Crime and dagger: rediscovering the stories of Patricia Highsmith

With a new adaptation on television, the books of the high priestess of crime fiction are being read all over again to find out more about the ‘talented’ Mr. Ripley, and also her other novels like ‘Strangers on a Train’

Published - April 25, 2024 10:30 am IST

A still from The Talented Mr. Ripley.

A still from The Talented Mr. Ripley.

One of the best things to come out of our cannibalistic consumption of content is the rediscovery of absolutely brilliant writers. There was the joy of meeting Monk and reading his alter ego, Stagg R. Lee’s My Pafology, in Percival Everett’s Erasure thanks to American Fiction. There was the shock and awe of revisiting the slicing up of Judgment Day in Liu Cixin’s The Three-Body Problem courtesy of the incredibly shallow yet supremely enjoyable adaptation, 3 Body Problem.

Steve Zaillian’s gorgeous black-and-white Ripley is a chance to meet Patricia Highsmith’s The Talented Mr. Ripley once more. Highsmith (1921–1995) wrote 22 novels, many of which were adapted to film, television and radio, including Alfred Hitchcock’s famous adaptation of her debut novel, Strangers on the Train (1950).

Charming ambivalence

Highsmith wrote the first draft of the novel at a writer’s retreat, which she got on Truman Capote’s recommendation. A taut thriller, Strangers on the Train reveals the seeds for the characters that would populate her later books. An architect, Guy Haines, meets a young man, Charles Bruno, on a train. Charles wants to be rid of his strict rich father, while Guy is going to divorce his unfaithful wife, Miriam. Charles proposes swapping murders to throw the police off the scent.

The tale of nihilistic obsession lays the ground for Highsmith’s following novels, populated with charming, immoral, sexually ambivalent young people, trying hard to make their way in a world that seems at once cold, cruel, grasping and ruthless. The character study with attendant questions of identity and guilt, shared shames, and folie a deux, the hallmarks of Highsmith’s work, make their presence felt.

Strangers on the Train was followed by The Price of Salt (1952). A lesbian romance, Highsmith used the pseudonym Claire Morgan when it was first published. It was published as Carol in 1990 under Highsmith’s name effecting what novelist Sarah Dunant called a “literary coming out”— Highsmith was not at all amused.

The Price of Salt follows the relationship between Therese, looking for a break as a set designer in Manhattan, and the glamorous Carol, who comes shopping for a doll at the department store, where Therese works. The semi-autobiographical novel (Carol was inspired by a blonde woman in a mink coat who came shopping for a doll at Bloomingdale’s where Highsmith was working temporarily) presents a palpable difference from Strangers on the Train, in terms of theme and resolution.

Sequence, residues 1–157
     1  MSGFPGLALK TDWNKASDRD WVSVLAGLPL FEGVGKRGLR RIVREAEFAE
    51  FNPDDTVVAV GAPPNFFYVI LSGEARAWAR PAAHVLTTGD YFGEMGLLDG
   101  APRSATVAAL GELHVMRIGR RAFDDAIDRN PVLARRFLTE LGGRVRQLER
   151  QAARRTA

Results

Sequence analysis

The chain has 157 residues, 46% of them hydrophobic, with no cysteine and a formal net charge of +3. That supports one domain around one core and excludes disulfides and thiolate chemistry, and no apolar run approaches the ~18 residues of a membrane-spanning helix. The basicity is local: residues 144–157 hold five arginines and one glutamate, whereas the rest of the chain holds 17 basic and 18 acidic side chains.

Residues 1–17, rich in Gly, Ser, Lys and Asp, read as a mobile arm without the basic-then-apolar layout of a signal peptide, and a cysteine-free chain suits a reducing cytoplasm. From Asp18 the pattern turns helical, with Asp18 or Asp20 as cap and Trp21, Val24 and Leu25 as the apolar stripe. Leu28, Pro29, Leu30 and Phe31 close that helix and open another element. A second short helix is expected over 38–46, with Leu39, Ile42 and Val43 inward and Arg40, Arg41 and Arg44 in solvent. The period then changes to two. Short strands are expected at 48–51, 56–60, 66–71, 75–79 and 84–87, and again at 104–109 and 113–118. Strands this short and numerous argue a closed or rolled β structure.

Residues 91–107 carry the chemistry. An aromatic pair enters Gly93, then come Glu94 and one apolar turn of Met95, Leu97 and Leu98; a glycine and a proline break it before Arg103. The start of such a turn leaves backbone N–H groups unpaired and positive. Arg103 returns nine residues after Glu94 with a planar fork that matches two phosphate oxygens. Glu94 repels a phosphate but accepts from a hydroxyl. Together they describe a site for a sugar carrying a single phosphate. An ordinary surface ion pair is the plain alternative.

Testing genres

The tentatively happy ending and lack of corpses (though there is a private detective) point to an author testing her wings in different genres. Todd Haynes adapted The Price of Salt into the award-winning Carol with Cate Blanchett and Rooney Mara in the lead.

In 1955, came The Talented Mr. Ripley, which captures the zeitgeist of the churn in America. Tom Ripley is a small time scam artist, who sees the chance to make it, and like Caesar, grabs it with both hands. The twinning of Ripley and Dickie, the lengths Tom is willing to go to acquire and keep his way of life, the casual violence and the clever way in which Highsmith gets us, the readers, to root for Ripley makes the gripping novel a perfect gem.

There were four books following The Talented Mr. Ripley. Collectively called ‘The Ripliad’, the books were Ripley Under Ground (1970), Ripley’s Game (1974), The Boy Who Followed Ripley (1980), Ripley Under Water (1991). Ripley Under Ground is set six years after The Talented Mr. Ripley. Ripley is living the good life in France with his heiress wife, and faithful housekeeper. The novel set in the world of art, wrestles with the concept of real and fake, whether it is a painting or an effigy or a body.

Ripley’s Game with mafia hits and sundry improbabilities feels the weakest of the series. The Boy Who Followed Ripley, which features another young American on the run from the law or perhaps himself, is masterful as is the final Ripley book, Ripley Under Water, where things buried in bodies of water refuse to stay submerged.

Ripley set the template for the cultured killer, whose millennial echo can be found in Caroline Kepnes’ Joe Goldberg, the well-read psychopath of her You series. Like Ripley, Joe kills only if absolutely necessary or as a punishment for bad taste.

Comics, short stories

Apart from novels, Highsmith also wrote comic books (at the beginning of her career, between 1942 and 1948) and short stories, starting with Eleven in 1970 with a Foreword by Graham Greene and ending with the posthumously published Nothing That Meets the Eye: The Uncollected Stories in 2002. Many of the short stories feature animals’ take on humans from a cockroach in ‘Notes from a Respectable Cockroach’ to a goat in ‘Goat Ride’ from her Animal-Lover’s Book of Beastly Murder, and the sullen, inadvertently vengeful whale in ‘Moby Dick II, or the Missile Whale’ from Tales of Natural and Unnatural Catastrophes.

‘The Snail Watcher’ is an echo of Highsmith’s fondness for snails that she kept as pets going for parties with hundreds of them in her handbag. Snails also feature in Highsmith’s 1957 novel, Deep Water. Adrian Lyne’s dreadful film adaptation starring Ben Affleck and Ana de Armas, earned some good karma by keeping the snails in the narrative.

The film also proves no matter how good, bad or ugly an adaptation, the books will always be there in their pristine avatar.

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